1. Built environment
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February 12, 2021updated 20 Jul 2021 9:06am

Why I decided to leave Madrid

The most typical type of housing in this city is no longer working for me and my family, and we're not alone.

By miriam foley

People walk past a closed restaurant

People walk past a closed restaurant during Spain’s countrywide curfew in October 2020 in Madrid. (Photo by Pablo Blazquez Dominguez/Getty Images)

Let’s rewind to early March 2020 in Spain. One day, life was normal, and the next, the nation was directed by the government to stay indoors in what became one of Europe’s strictest lockdowns. Being at home during the coronavirus pandemic has been difficult for people all over the world, but it has proved a great challenge for many Spaniards. This is especially true for the approximately 6.6 million people living in Madrid’s densely populated metropolitan area.

Spain has one of the highest percentages of flat dwellers in Europe, second only to Latvia, according to Eurostat. A large share of the city’s apartment blocks date back to the dictatorship of Francisco Franco, when a rural exodus saw many Spaniards seek out work and a new life in the city. This meant a vast and rapid depopulation of the countryside, resulting in what is still known today as la España vacía, or “empty Spain”. It also resulted in massive urban growth.

Living in a typical Madrid apartment doesn’t pose much of a problem in normal circumstances. The good weather and Spanish culture lend themselves to spending as much time as possible outside, socialising with family and friends in town squares, playgrounds or bars. A 2018 Eurostat study showed 15% of Spanish household consumption was spent in restaurants or bars, higher than the EU average of 9%.

“The street was always an extension of my home,” says Carolina Da Silva, a 38-year-old doctor from a town on the outskirts of Madrid’s metropolitan area who grew up dreaming of living in the city centre and has done exactly that for the past 12 years. “With lockdown, everything changed, including all my thoughts about life. We found ourselves stuck in an 800ft² apartment with two children. Even though we’re privileged with light and a balcony, we suffered a lot, and I missed a little garden.”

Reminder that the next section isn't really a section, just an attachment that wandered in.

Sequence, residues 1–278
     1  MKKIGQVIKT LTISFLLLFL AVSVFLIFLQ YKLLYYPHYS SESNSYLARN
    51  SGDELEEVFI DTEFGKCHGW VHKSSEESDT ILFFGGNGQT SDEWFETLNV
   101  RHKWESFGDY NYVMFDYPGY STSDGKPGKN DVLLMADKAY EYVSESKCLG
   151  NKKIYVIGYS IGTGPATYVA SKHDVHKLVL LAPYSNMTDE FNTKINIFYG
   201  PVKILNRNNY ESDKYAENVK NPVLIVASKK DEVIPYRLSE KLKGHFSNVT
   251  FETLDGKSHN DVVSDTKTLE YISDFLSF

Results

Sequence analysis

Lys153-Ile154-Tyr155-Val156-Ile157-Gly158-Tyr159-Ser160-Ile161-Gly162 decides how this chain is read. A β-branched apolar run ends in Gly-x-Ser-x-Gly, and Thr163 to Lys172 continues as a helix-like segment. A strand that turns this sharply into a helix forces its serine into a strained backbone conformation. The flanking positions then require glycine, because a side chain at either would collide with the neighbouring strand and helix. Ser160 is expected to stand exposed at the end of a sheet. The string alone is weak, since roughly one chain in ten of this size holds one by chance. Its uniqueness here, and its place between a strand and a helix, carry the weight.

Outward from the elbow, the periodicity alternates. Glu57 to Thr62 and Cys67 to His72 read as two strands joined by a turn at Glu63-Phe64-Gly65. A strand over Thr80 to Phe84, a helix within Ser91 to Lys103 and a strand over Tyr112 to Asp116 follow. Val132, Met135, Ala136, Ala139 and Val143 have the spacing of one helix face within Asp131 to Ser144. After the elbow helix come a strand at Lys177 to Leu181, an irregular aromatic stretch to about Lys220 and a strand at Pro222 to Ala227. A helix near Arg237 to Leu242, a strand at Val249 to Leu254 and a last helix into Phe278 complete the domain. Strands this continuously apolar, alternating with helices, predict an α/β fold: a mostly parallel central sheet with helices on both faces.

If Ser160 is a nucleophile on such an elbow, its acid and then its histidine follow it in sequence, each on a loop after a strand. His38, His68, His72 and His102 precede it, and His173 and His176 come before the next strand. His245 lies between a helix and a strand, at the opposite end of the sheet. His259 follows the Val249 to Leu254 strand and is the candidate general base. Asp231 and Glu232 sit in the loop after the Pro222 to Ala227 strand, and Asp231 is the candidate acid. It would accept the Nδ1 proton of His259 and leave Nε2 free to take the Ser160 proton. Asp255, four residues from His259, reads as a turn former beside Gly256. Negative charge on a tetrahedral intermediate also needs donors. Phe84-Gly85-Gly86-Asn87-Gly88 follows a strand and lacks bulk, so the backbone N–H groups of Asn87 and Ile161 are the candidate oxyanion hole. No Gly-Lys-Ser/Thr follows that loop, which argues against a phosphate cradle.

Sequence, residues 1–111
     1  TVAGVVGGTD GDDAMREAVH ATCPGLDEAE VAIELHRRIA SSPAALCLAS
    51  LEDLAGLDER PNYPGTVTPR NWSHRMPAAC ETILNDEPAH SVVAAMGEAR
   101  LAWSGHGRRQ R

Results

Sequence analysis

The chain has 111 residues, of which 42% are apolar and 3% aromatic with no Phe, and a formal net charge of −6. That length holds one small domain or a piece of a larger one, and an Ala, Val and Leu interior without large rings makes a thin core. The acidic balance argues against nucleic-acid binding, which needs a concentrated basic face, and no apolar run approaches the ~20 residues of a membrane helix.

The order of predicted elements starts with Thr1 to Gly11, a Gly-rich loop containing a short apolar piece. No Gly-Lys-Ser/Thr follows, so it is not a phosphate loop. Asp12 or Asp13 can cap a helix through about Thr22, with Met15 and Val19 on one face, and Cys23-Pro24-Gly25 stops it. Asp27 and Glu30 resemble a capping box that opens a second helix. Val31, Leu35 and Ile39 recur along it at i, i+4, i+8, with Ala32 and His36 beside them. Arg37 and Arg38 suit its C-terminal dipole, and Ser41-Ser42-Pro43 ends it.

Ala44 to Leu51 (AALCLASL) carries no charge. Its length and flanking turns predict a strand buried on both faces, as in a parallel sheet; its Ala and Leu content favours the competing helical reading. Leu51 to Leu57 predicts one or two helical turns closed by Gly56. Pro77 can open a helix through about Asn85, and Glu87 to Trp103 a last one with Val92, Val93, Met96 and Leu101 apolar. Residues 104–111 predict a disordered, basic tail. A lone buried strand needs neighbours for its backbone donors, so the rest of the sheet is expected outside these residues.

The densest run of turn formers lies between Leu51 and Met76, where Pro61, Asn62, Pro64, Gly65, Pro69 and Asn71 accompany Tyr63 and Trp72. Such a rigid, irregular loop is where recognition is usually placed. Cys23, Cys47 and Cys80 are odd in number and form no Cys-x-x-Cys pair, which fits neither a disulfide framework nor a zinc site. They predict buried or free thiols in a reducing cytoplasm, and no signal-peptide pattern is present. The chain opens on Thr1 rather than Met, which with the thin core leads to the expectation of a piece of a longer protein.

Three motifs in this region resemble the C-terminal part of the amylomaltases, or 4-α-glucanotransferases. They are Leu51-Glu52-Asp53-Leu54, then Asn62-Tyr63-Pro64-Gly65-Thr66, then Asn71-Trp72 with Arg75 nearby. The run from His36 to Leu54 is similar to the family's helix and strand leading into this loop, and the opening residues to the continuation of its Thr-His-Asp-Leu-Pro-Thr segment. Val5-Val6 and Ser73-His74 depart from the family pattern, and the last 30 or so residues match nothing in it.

My priorities became clearer than ever. I needed space – both inside and outside – nature, clean air.

She’s not the only one. I too found myself in an 800ft² apartment with two children under four and a husband working from home. Born in London, I moved to Barcelona before relocating to Madrid almost nine years ago for work. Living in a small ground-floor apartment had never bothered me until lockdown. It was only when we were inside long term that I realised how little natural light we had. I took to placing my children on one arm of the sofa every morning at 10am for 15 minutes of direct sunlight. I gave them vitamin D drops.

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Others had it worse. Facebook groups were littered with stories of children not seeing natural light, the street or even the sky at all during confinement. According to the real estate website Idealista, Madrid is the Spanish city with the highest number of interior flats; one in five households here have no view of the outside.